Two neighbouring farms which were once part of the same large estate have been selected as the new Lothians Monitor Farm. Prestonhall Farms and Saughland Farm are the seventh of nine new monitor farms being established in Scotland as part of a joint initiative by Quality Meat Scotland and AHDB Cereals & Oilseeds.
Although separate businesses, the two farms have maintained close links since the estate was divided into three 20 years ago, and are positive that their partnership will strengthen as they work together as a joint monitor farm.
Prestonhall Farms is an arable enterprise of 660 hectares growing cereals and oilseeds on a five year rotation while nearby Saughland Farm comprises of 320 hectares with 70 hectares of arable land, 1,900 breeding sheep and 55 suckler cows where all progeny is sold finished or retained for breeding.
The project will be hosted jointly by their respective farm managers Bill Gray and Peter Eccles, both of whom see a lot of potential in collaborating more closely over the course of the project. Their situation is unlike any of the other monitor farms, and will create the opportunity to develop the concept of collaboration further, and demonstrate the opportunities for other farmers in working together to spread costs and ensure resources are efficiently utilised.
Prestonhall Farms manager Bill Gray, says: “At the moment we do share some resources, for example contract work on land and occasionally staff, on an ad hoc basis. However, I hope that through this programme we will develop those links further and with more structure.
“I feel very comfortable going into this as a joint project as Peter and I have similar philosophies in terms of what we are trying to do, and I think the farms will benefit from both closer working and the wider monitor farm project.”
Mr Gray has spent over twenty years working at Prestonhall Farms, moving up from Northamptonshire to take on the role of arable manager in 1994. Now farm and estate manager, he has seen the farm change significantly over the course of his tenure.
From introducing minimum till over ten years ago, developing a soil nutrition programme based on GPS soil analysis and yield mapping, to making the difficult decision in 2010 to sell the 40-strong suckler herd and focus solely on arable.
Currently the farm devotes approximately 120 hectares to spring barley, with 160 hectares to winter wheat, 70 hectares winter barley, 70 hectares oilseed rape and 60 hectares oats, along with over 100 hectares of permanent pasture and 78 hectares of woodland.
Always open to new ideas Mr Gray is looking forward to reviewing the farm enterprises once more with fresh eyes, searching for new approaches to crop management, organic matter content and storage and drying facilities for the farm’s grain.
He says: “The monitor farm programme gives you a chance to challenge yourself, get out of your comfort zone and put your head above the parapet. I’m looking forward to getting a better handle on how we are currently performing, listening to the ideas of others in the community and making changes to ensure a robust and sustainable business for the future. I believe that this is imperative given the challenges that we face given the current uncertainty.”
Farm manager of neighbouring Saughland Farm, Peter Eccles, is of the same mind. “I applied to become a monitor farmer because I wanted to ensure Saughland is moving in the right direction in creating a financially and environmentally sustainable business for the future. I am focused on analysing our performance to make better informed decisions. Working with Bill will allow us to develop our current collaboration into something more structured, drawing on each other’s expertise and sharing resources efficiently.”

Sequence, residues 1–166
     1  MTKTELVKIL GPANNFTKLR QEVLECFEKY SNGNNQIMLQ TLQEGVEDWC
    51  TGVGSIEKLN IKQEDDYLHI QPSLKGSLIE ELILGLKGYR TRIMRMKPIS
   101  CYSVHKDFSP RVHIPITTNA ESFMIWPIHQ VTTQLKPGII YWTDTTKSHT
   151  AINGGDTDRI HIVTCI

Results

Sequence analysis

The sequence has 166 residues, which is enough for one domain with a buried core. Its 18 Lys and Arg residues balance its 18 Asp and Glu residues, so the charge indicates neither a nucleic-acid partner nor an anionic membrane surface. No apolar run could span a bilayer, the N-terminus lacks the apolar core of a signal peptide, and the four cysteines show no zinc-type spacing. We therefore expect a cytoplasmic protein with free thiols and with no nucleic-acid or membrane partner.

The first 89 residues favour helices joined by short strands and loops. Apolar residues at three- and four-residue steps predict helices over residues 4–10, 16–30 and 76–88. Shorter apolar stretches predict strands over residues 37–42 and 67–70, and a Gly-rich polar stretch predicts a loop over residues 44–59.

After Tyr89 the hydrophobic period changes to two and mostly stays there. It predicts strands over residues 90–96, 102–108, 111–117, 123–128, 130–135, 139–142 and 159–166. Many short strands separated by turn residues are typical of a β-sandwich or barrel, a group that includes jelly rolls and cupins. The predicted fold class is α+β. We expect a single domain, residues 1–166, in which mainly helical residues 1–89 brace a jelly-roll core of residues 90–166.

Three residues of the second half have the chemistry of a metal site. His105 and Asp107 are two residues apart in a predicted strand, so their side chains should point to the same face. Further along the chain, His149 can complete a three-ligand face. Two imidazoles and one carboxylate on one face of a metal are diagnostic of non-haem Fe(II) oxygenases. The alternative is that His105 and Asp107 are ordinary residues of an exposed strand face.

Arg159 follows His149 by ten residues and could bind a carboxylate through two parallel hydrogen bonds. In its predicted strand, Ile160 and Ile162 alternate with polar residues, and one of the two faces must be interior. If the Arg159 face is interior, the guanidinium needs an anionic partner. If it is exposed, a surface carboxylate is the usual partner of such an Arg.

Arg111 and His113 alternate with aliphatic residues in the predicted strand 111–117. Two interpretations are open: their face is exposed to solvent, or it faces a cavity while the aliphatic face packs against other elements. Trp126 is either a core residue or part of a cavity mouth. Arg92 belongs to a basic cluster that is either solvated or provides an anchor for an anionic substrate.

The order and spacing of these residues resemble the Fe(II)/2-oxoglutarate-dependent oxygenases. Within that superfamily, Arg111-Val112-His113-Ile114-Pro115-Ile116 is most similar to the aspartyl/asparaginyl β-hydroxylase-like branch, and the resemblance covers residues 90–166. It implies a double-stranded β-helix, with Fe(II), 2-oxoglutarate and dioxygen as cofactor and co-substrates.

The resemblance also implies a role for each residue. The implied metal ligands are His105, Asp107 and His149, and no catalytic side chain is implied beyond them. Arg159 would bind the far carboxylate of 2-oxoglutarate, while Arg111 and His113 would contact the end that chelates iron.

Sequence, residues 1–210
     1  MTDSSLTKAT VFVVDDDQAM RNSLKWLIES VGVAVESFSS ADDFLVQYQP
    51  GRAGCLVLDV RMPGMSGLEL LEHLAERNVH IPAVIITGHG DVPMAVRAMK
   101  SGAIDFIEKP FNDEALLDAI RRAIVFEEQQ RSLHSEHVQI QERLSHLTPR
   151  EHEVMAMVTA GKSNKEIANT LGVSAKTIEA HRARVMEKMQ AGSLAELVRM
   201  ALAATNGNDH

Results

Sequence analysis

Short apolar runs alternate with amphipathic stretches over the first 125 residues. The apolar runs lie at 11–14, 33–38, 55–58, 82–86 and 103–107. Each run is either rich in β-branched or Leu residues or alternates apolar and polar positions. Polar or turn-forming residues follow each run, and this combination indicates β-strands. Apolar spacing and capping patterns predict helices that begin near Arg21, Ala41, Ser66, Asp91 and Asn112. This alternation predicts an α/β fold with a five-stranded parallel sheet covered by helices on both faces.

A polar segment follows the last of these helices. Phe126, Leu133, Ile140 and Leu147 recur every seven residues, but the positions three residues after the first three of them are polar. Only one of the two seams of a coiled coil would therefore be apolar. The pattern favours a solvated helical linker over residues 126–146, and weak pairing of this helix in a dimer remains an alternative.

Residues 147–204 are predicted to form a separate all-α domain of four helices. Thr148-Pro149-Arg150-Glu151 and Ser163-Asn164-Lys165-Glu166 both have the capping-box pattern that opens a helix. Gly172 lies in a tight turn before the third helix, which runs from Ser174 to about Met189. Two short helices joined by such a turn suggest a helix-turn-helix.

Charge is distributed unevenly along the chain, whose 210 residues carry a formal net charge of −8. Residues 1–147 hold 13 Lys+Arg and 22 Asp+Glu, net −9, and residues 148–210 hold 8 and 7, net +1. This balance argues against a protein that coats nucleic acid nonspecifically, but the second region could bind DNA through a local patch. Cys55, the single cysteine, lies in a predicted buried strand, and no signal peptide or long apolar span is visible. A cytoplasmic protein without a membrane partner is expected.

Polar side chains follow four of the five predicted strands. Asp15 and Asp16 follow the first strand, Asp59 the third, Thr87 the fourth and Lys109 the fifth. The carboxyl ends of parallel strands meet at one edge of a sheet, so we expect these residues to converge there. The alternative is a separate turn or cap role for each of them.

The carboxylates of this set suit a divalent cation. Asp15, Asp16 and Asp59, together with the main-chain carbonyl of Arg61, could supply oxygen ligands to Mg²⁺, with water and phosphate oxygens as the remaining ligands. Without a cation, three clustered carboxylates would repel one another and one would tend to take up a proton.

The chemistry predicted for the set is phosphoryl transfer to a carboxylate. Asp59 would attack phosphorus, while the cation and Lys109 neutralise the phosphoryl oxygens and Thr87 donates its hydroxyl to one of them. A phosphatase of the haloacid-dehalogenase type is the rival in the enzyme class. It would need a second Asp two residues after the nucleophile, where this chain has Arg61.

Mr Eccles joined Saughland Farm three years ago, having previously worked with SAC Consulting as an agricultural consultant.
In just a short time Mr Eccles has more than doubled the sheep numbers (from 950 to over 1,900) as he is works to increase farm revenue without increasing fixed costs. The flock has slowly moved from indoor to outdoor lambing and he has been replacing the original Scotch Mule Texel crosses with Romney Aberfield crosses because of the latter’s ability to do more from grass and with less intervention at lambing time. The farm also has 55 suckler cows, mainly Angus, Hereford, and Limousin crosses, which complement the sheep enterprise and are integral to the grazing system.
Mr Eccles hopes the monitor farm programme will help him develop a number of areas on farm. For example; making better use of EID, increase kilos of liveweight produced per hectare and improved marketing of their grass-finished produce. The outdoor lambs are also not without their challenges.
“Next year is the first year all the ewes will lamb outside,” Mr Eccles explains, “and while moving to outdoor has saved us £13 per lamb, we do have to think about how to safeguard our system as we scale it up. We don’t have the use of sheds so wintering a large flock is a challenge. It is questions such as these I hope the monitor farm programme will help answer.”
The new three-year monitor farm programme is being run jointly by Quality Meat Scotland and AHDB Cereals & Oilseeds. It is establishing a group of farms to serve as monitor farms to help improve the profitability, productivity and sustainability of producers through practical demonstrations, the sharing of best practice and the discussion of up-to-date issues.
The first meeting of the new Lothians Monitor Farm will be on Thursday 9 February, more details will follow in the New Year. Those interested in being involved in the project should Colin MacPhail, one of the project facilitators, on 07747 046 461 or at firstname.lastname@example.org.